There were also indications that other aspects of the proposed deal with Plaid were not to the taste of some AMs. Statements about public services were said to be “more to the left” than the position in Wales up to now, and designed to gain support for the deal from the trade unions.
There were further complications in sight, however. It seems that if Labour succeeds in peeling away Plaid Cymru from the rainbow coalition, there will be attempts to revive the possibility of a deal with the Liberal Democrats.
A Liberal Democrat source told the Western Mail, “Plaid needs to be very careful. If they walk away from the rainbow coalition, they may very well end up with nothing.
“A major part of Labour’s strategy appears to be to peel away Plaid from the rainbow alliance with the Conservatives and the Liberal Democrats.
“If they succeed in doing so, there is no doubt that those powerful forces within Labour that would rather do a deal with the Lib-Dems will agitate for that option to be reopened. Indeed, the agitation has already begun.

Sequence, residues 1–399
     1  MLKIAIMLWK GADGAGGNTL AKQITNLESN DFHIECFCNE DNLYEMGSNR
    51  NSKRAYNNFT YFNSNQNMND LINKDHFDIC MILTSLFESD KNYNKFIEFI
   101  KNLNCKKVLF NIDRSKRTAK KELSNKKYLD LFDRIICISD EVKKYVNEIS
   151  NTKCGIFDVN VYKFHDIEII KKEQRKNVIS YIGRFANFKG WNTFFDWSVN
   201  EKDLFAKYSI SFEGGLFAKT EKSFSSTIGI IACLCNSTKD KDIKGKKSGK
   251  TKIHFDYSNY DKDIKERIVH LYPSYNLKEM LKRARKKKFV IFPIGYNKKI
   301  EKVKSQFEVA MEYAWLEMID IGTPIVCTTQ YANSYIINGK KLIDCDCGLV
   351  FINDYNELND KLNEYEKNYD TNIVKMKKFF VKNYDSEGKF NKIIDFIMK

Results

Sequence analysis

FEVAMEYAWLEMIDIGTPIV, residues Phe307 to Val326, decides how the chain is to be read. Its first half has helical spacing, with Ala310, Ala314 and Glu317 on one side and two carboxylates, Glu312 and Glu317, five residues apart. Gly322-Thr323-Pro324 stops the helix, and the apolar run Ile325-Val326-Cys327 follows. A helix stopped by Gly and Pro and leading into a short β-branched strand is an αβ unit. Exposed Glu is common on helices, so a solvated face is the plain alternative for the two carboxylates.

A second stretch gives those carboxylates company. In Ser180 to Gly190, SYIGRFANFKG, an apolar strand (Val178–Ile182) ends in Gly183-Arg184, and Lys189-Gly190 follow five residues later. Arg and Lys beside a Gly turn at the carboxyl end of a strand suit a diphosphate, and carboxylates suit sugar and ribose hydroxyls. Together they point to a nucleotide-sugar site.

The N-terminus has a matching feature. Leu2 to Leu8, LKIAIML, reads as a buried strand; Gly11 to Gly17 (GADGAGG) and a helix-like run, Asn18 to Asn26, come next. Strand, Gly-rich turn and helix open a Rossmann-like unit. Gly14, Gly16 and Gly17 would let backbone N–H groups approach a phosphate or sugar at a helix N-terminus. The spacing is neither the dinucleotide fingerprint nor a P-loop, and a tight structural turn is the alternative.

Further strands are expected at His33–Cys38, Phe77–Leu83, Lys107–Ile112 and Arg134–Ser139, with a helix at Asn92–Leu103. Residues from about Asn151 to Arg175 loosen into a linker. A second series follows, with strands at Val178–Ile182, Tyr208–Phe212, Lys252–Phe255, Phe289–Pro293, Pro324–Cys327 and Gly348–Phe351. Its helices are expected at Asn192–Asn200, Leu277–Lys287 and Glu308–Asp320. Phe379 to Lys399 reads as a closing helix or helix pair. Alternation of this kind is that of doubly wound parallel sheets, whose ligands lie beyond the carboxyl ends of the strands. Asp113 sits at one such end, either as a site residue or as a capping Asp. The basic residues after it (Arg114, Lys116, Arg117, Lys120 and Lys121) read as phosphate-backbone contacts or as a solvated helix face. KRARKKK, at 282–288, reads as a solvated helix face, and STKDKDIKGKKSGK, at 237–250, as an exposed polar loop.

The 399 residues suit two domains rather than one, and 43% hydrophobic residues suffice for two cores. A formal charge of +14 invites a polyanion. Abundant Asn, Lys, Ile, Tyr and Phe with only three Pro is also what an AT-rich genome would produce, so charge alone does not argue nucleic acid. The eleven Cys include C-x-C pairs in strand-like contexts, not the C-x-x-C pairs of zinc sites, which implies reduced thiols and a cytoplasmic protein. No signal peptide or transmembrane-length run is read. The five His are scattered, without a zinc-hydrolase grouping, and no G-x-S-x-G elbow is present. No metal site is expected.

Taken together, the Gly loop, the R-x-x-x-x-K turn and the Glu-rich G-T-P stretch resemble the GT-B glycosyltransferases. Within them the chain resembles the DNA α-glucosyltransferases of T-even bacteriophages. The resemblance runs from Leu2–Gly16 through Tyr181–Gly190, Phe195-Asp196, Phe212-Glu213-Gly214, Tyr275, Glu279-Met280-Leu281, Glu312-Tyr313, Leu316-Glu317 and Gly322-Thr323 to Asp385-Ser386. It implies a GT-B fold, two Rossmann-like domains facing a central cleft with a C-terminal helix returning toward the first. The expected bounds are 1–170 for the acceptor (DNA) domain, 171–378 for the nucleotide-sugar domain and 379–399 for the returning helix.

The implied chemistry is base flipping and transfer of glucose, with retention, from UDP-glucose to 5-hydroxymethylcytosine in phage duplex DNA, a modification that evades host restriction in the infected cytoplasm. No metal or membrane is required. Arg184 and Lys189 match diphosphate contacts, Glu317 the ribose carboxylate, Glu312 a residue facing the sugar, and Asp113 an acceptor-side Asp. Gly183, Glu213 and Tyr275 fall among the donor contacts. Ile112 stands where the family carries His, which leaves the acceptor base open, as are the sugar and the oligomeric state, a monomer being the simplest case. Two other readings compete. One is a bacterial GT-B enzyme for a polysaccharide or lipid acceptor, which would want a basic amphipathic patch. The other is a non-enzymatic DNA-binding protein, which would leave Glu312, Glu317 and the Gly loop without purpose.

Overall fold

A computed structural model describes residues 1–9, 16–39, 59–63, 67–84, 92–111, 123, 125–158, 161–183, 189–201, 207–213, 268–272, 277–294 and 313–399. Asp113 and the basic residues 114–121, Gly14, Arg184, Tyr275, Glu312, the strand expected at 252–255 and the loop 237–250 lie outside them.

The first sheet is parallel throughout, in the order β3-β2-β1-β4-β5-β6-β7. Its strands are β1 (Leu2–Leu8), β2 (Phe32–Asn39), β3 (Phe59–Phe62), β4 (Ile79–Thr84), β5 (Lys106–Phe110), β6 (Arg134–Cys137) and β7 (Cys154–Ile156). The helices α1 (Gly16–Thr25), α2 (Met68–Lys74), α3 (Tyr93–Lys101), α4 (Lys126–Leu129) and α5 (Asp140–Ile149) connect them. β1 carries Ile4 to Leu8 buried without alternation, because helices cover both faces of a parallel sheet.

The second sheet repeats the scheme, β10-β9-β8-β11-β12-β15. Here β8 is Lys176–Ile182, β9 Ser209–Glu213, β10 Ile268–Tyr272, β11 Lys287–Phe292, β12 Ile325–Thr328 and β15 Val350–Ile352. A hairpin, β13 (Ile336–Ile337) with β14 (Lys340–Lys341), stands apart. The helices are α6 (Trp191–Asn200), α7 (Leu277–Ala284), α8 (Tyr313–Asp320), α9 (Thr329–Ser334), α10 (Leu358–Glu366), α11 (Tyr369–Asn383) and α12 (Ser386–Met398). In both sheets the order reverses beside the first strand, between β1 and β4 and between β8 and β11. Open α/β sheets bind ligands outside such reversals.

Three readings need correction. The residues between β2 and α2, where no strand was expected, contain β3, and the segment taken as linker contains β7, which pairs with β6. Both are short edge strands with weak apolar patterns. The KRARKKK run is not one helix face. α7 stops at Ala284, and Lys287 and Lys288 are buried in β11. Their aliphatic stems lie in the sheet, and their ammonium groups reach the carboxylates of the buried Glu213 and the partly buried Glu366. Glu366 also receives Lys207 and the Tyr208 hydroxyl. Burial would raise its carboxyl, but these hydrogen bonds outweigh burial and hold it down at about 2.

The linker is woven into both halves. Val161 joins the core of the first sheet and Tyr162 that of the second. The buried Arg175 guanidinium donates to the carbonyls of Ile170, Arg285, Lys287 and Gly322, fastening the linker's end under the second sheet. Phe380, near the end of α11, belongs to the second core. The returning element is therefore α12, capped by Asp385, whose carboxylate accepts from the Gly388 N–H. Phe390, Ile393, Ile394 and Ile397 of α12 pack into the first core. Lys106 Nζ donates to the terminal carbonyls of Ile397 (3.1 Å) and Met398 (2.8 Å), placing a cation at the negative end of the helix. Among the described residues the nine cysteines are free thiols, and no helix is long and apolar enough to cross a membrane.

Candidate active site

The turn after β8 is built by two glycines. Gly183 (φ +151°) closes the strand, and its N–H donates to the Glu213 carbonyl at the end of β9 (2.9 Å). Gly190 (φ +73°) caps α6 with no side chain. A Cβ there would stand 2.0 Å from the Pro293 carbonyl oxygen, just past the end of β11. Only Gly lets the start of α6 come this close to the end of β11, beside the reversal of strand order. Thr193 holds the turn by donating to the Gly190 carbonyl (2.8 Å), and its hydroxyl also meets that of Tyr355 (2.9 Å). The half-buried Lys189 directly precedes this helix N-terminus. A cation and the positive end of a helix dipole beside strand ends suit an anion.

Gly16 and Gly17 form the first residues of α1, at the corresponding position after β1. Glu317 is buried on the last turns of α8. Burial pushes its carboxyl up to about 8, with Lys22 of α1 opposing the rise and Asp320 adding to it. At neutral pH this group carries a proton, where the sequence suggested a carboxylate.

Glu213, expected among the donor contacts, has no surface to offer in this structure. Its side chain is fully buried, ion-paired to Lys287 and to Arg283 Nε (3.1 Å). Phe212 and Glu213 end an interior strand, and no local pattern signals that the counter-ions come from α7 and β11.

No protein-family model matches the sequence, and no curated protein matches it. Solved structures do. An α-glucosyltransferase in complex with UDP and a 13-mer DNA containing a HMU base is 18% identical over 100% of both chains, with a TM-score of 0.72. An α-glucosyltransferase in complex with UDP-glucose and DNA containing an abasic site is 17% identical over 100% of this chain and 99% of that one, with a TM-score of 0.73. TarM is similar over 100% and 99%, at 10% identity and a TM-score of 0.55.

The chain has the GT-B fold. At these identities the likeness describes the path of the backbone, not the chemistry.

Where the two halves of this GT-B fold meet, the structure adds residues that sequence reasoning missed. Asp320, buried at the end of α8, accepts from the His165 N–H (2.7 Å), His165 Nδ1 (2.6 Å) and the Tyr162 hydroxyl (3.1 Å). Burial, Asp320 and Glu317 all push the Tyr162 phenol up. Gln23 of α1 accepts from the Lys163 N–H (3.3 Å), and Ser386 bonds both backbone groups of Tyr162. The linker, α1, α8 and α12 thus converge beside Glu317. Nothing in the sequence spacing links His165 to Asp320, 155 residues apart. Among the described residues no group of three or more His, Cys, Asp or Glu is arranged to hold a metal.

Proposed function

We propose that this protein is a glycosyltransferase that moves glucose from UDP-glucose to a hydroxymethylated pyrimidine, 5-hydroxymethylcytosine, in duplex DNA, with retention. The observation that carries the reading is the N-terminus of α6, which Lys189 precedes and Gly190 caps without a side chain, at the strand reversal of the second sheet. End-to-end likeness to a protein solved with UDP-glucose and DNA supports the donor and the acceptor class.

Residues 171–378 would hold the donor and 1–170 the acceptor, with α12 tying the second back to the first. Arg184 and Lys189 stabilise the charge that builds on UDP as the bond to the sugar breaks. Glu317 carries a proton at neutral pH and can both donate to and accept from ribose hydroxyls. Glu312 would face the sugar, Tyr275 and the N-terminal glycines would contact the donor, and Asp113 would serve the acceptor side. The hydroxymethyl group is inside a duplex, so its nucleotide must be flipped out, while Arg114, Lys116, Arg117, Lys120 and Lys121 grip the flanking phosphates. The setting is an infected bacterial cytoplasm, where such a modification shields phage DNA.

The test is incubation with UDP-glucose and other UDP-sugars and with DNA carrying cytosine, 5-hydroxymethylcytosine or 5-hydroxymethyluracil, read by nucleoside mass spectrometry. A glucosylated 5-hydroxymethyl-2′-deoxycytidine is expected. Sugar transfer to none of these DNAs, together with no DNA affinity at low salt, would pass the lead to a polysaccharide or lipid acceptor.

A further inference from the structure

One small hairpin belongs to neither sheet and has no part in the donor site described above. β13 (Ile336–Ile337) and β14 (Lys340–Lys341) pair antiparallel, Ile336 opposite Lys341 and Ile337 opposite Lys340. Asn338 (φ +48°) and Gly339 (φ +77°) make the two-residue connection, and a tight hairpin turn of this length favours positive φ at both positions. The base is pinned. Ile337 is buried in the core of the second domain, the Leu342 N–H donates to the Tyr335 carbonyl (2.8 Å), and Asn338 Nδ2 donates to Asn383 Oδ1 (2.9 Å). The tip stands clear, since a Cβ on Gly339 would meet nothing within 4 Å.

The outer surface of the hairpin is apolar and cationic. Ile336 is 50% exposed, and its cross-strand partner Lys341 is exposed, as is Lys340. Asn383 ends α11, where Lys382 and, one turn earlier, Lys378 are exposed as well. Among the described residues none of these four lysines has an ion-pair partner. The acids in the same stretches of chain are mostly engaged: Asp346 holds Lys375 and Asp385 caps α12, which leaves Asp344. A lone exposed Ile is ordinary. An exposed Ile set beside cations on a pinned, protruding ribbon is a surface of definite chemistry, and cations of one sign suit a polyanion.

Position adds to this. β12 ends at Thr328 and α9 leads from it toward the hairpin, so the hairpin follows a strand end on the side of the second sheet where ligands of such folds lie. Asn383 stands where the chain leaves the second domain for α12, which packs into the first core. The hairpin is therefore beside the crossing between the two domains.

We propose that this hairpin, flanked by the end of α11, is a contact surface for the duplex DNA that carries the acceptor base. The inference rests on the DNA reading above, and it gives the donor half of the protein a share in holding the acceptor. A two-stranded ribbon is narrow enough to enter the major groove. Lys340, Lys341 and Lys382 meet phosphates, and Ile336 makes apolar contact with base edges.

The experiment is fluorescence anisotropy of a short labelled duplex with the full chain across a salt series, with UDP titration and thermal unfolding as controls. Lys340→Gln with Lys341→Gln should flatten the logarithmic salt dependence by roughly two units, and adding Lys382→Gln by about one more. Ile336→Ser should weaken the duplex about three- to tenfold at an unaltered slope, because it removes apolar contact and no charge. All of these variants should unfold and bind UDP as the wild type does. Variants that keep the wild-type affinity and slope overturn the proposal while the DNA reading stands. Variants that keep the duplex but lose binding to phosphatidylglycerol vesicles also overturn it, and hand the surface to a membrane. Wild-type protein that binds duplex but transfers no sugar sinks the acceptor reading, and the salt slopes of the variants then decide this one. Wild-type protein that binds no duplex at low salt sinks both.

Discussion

“Plaid might be best advised to stick with the rainbow coalition and not create a scenario where the Liberal Democrats could come back to Labour.”
Yesterday the Western Mail published leaked emails sent by Torfaen Labour AM Lynne Neagle to National Assembly Business Manager Jane Hutt in which she complained that insufficient attempts had been made to revive the prospect of a deal with the Liberal Democrats.
A senior Plaid source said, “Plaid needs to be very much on its guard against Labour’s Machiavellian tactics. It is certainly part of Labour’s tactics to break up the rainbow alliance, and that could very well be their main motivation in making their offer to us.
“From what I hear of the negotiations with Labour, it would very much be a Labour government with Plaid in a junior role. That doesn’t sound attractive to me, and I don’t think it will appeal to a lot of other Plaid members either.”
There are also concerns within Plaid that if a referendum is seen as a Plaid policy forced on Labour simply to keep the larger party in power, many Labour voters will not be inclined to vote Yes.